Arkansas Native Orchids


Orchid Society of the Ozarks member Olin Karch became fascinated with orchids ever since his high school days and his 1957 Science Fair exhibition.

After obtaining his college degree in Botany, Olin has hunted for and photographed native orchids in many parts of the world, including Central and South America, as well as in various states within the U.S.


Lovell Hollow, Olin's gorgeous, 25 acre piece of woodland in northwest Arkansas where he makes his home, boasts native species ranging from the diminutive Green Adder's Mouth Orchid, Malaxis unifolia, shown at left, to the Large Yellow Lady's Slipper, Cypripedium parviflorum var. pubescens, shown below.


Olin has compiled photographs and descriptions of the Arkansas native orchids he has found growing within an hour's hike of his woodland cabin, and the resulting booklet is called The Orchids of Lovell Hollow. The photos are stunning, and, true to Olin's botanical training, his observations and descriptions in the text are precise and engaging. Where applicable, he has included a plant's folk traditions and medicinal uses.

The native orchids found in Arkansas are all terrestrial and deciduous, with blooming seasons specific to certain months of the year. Despite the sublime beauty of their blooms when seen at close range, the small size of many of their flowers takes a keen eye to spot in the wild. Be sure to check out Olin's Arkansas Orchid Web Page for details about these specatacular plants.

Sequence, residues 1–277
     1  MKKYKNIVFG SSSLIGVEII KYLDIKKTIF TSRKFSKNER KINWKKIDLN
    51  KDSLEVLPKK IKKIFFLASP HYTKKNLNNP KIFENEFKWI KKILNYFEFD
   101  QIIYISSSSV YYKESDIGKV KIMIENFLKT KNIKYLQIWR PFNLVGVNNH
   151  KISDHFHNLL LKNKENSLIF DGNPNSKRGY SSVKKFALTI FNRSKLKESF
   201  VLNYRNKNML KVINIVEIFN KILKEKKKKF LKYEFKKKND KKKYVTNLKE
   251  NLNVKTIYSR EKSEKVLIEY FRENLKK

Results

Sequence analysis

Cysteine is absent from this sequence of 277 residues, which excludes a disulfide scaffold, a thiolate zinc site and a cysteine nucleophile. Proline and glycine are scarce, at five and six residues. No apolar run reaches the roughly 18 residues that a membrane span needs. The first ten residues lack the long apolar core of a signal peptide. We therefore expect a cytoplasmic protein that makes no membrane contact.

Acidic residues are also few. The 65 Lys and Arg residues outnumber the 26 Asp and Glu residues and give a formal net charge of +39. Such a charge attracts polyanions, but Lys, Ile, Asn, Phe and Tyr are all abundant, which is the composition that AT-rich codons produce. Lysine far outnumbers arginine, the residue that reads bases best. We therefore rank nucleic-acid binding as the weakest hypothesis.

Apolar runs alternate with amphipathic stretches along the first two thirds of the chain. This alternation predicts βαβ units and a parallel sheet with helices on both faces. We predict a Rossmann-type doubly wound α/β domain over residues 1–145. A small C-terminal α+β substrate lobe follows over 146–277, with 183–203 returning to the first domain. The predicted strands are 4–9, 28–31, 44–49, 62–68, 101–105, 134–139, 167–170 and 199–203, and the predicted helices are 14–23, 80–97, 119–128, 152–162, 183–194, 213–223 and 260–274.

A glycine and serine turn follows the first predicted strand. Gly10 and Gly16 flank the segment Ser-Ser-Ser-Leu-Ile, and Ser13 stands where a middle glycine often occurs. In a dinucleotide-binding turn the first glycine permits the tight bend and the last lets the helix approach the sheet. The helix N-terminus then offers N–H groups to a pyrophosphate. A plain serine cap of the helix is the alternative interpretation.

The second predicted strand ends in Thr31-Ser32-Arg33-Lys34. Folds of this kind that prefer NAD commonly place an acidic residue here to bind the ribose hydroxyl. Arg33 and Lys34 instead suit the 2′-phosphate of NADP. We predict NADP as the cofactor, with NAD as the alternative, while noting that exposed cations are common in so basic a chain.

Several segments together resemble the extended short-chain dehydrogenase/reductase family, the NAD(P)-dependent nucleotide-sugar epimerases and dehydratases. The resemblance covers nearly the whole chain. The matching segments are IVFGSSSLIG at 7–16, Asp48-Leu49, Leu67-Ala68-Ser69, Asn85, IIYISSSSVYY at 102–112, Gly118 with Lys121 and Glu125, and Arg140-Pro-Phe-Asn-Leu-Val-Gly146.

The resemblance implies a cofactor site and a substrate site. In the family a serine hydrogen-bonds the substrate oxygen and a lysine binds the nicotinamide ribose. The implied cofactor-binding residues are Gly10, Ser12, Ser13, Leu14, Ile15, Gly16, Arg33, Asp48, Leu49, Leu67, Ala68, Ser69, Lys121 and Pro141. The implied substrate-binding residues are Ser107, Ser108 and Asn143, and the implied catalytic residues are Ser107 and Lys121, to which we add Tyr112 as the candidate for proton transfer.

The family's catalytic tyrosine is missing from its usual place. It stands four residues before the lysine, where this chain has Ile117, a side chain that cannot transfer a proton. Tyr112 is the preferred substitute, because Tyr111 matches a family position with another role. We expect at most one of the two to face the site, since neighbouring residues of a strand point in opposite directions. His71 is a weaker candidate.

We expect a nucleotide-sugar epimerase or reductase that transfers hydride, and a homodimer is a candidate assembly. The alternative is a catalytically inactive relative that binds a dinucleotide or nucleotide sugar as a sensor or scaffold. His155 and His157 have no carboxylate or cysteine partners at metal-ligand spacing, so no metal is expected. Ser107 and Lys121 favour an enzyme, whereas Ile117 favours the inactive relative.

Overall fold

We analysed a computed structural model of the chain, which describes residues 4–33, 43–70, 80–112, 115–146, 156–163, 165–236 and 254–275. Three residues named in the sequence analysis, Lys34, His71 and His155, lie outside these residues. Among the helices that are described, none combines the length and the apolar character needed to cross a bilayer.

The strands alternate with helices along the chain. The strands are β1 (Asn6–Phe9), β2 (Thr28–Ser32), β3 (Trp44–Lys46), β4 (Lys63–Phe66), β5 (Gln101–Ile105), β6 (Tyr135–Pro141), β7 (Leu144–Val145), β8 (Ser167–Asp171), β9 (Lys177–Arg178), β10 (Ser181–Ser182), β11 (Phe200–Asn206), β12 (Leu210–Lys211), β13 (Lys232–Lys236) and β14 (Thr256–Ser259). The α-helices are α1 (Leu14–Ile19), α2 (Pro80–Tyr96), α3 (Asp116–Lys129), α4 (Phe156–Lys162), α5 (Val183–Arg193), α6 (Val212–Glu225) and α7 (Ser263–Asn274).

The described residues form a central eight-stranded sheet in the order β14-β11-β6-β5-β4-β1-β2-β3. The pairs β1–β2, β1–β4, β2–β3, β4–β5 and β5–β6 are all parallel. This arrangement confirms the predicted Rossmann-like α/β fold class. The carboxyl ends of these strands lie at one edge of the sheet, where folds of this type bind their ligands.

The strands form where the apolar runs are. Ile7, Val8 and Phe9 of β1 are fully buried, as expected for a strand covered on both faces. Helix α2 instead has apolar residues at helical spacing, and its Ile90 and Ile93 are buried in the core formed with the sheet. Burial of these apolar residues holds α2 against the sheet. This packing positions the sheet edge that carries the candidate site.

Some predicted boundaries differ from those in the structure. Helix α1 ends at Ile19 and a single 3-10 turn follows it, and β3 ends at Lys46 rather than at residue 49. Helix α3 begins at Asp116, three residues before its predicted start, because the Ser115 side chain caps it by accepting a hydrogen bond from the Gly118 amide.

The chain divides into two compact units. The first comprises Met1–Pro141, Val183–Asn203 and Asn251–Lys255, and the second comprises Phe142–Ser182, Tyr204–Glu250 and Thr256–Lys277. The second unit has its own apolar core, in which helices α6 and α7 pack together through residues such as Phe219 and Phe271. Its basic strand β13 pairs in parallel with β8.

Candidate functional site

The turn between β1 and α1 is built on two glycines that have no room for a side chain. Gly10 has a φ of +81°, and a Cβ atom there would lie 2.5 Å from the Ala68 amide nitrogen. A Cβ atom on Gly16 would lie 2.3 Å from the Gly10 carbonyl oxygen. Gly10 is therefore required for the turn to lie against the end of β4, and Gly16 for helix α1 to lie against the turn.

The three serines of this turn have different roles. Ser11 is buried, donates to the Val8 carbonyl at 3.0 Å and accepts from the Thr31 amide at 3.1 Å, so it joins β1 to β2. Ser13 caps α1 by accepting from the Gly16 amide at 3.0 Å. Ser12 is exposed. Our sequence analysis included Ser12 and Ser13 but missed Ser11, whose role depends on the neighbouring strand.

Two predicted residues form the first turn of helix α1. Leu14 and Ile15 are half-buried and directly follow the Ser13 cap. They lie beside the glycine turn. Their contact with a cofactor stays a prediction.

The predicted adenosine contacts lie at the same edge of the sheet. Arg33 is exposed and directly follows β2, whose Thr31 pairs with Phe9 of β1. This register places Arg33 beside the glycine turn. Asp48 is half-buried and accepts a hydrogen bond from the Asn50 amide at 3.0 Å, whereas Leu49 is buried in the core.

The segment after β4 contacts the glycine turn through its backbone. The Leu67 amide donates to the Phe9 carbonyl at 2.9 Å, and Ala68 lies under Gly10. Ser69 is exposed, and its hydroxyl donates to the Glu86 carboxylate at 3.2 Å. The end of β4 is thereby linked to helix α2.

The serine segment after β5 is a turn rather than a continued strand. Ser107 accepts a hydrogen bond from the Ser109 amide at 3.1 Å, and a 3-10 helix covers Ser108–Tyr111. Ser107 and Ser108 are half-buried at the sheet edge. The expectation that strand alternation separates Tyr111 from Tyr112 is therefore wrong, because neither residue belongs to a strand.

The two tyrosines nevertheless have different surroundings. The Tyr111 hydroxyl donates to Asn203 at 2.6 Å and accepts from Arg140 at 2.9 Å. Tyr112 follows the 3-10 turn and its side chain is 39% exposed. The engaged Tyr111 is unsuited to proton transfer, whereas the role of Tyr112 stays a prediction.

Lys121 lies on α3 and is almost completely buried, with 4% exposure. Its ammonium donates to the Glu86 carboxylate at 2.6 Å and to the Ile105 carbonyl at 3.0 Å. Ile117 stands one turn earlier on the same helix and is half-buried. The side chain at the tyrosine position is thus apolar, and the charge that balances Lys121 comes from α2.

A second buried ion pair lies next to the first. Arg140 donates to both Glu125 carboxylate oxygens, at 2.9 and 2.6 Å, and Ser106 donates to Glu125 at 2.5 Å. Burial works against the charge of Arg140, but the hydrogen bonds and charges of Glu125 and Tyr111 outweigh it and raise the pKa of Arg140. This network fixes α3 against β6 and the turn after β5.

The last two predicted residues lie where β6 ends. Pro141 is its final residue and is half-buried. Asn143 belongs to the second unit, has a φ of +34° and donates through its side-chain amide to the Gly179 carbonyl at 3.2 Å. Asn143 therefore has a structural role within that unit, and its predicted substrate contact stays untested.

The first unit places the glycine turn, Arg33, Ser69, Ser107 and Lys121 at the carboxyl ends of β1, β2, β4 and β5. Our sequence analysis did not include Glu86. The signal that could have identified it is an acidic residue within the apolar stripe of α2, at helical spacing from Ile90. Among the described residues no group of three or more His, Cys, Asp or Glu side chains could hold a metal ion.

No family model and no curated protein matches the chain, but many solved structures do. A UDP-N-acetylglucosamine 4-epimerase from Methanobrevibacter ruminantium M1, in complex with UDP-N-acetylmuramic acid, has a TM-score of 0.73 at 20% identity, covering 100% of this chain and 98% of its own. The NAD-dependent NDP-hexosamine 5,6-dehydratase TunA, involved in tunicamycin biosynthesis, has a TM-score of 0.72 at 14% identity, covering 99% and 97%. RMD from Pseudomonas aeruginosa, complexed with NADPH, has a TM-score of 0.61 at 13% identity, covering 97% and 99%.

A note of caution: as orchid growers, we may be tempted, when coming upon a plant growing in the wild, to "dig it up and take it home." Don't succumb to that temptation! Many of our wild orchids require conditions which the average grower will not be able to provide. In fact, researchers found one species that needed a substrate so acidic, the only way to grow specimens in the lab was to water them with vinegar...

Several reputable vendors exist who sell seed-grown native plants. If you would like to try your hand at growing native orchids, a quick internet search will tell you who these vendors are. When you're out in the wilderness, please help preserve our wild flora: take only photographs!

The Orchid Society of the Ozarks is deeply grateful to Mr. Karch for providing the plant photographs shown on this page.

Many thanks, Olin!